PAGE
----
Dana Katz's The Jew in the Art of the Italian Renaissance addresses Christian anti-Judaism in Renaissance Italy during the fifteenth and sixteenth centuries, [End Page 100] and lends much-needed nuance to the historical understanding of tolerance in the Italian courts. Katz investigates how the Italian term tollerare acquired highly variant local meanings and how the dynamics of protection and persecution played out in the visual cultures of particular Italian regions. The study focuses on the Renaissance principalities of Urbino, Mantua, and Ferrara. All three city-states hosted relatively prosperous Jewish populations and they shared regional and political affinities as northern Italian territories governed by single despots. Katz contrasts these three princely states with republican Florence and Trent. She analyzes how each of the Renaissance court rulers distinctively upheld toleration legislation governing Christian-Jewish relations while supporting artistic commissions that represented violence against Jews. By exploring how representational modes such as narrative, portraiture, and allegory were used to depict Jews in Italian Renaissance Court paintings, Katz argues they portrayed the limited persecution of Jews and helped maintain Jews' safety.
Methodologically, the book focuses on the relationship between Italian art that represented hatreds against Jews and the historical record of Jewish-Christian interaction in the Renaissance. Katz sets out to demonstrate that although the regional despots enforced toleration legislation vis-à-vis Jewish populations while simultaneously supporting violent art against Jews, the economic benefits of toleration outweighed the animosity toward Jews' participation in Christian society. Katz suggests that Christian painters represented Jews' alleged crimes against Christianity—including host desecration, deicide, ritual murder, blood libel, and well poisoning—to deflect and play out their anger in relatively abstract ways. The volume posits that the production of such scapegoating imagery testifies to the distinctive policies reserved for Jewry in the northern Italian princedoms, republican Florence, and imperial Trent. For instance, Katz demonstrates that Jews were more expendable in Milan because of its larger commercial core and that Jewish usury, though beneficial to the Milanese economy, was not essential to local credit markets. However, Urbino, Mantua, and Ferrara were smaller and the local princes promoted Jewish settlement for economic prosperity because Jews developed fiscally the private credit markets and public finance based on precedent. This broad lens provides new insights into iconic paintings by Andrea Mantegna, Paolo Uccello, and others. This liberating methodology also helps viewers understand these paintings as belonging to larger art historical discourse that also incorporates non-canonical provincial works of art.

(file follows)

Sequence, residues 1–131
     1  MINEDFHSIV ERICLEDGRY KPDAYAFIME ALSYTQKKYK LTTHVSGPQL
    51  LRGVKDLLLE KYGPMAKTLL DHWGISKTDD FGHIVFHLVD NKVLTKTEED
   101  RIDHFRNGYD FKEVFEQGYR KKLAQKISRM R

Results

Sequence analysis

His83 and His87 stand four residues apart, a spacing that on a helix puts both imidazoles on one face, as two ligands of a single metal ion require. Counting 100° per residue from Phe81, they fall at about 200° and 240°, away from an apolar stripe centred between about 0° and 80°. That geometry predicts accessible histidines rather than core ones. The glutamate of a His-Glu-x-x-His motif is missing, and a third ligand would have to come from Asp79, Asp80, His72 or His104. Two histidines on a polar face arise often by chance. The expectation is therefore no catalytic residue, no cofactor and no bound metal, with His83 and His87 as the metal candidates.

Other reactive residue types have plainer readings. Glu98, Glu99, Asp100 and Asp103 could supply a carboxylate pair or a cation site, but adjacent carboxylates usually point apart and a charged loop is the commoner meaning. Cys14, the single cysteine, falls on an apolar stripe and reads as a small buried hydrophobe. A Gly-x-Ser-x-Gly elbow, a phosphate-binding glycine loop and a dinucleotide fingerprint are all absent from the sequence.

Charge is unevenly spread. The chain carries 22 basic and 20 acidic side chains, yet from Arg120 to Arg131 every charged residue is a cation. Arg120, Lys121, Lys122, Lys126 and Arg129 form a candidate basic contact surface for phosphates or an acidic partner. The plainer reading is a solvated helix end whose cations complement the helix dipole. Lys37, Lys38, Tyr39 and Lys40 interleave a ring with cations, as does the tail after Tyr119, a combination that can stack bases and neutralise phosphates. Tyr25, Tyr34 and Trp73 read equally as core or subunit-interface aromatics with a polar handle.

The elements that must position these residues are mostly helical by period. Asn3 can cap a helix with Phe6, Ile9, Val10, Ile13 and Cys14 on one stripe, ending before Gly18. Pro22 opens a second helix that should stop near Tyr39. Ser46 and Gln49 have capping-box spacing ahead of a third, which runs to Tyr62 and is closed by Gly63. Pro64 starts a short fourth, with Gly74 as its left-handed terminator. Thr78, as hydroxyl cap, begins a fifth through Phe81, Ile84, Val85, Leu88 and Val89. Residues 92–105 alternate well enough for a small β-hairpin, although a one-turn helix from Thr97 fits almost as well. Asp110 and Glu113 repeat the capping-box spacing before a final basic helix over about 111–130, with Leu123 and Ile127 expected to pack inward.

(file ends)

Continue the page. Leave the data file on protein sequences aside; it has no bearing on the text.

Katz's novel approach adds to the historiographical understanding of Renaissance Italy, particularly the debate on the "lachrymose" theory of Jewish history. Salo Baron attacked this theory as a story of individuals and persecutions, flawed by undue emphasis on independent events and ideologues. Katz is closer to Robert Bonfil and David Nirenberg, arguing that Jewish life in Renaissance Italy was neither an example of harmonious assimilation and beneficial cultural symbiosis nor the "lachrymose conception" of continuous exploitation, persecution, and expulsion championed by Yitzhak Baer. Katz's position supports Baron's approach that favors the analysis of Jewish history in a larger comparative context, updating Baron's anti-lachrymose theory in the context of Jewish history during Renaissance Italy. Katz joins Bonfil's approach [End Page 101] to Jewish life in Renaissance Italy, which emphasizes the exceptionality of the Italian peninsula in its treatment of Jews while criticizing the standard interpretation of the Italian Renaissance put forth by historians such as Moses Avigdor Shulvass, Attilio Milano, and Cecil Roth. These historians cast the period as one of intense Jewish assimilation to the Christian majority.
Not all historians will agree with Katz's thesis that Renaissance art became part of a policy of tolerance that deflected violence to a symbolic status. In her case histories, Katz finds instances of mob violence that went against the letter of princely decrees of tolerance toward Jews. In her documentation of the rioting that followed the alleged accusations in Mantua that Jewish usurer Daniele da Norsa provoked violence...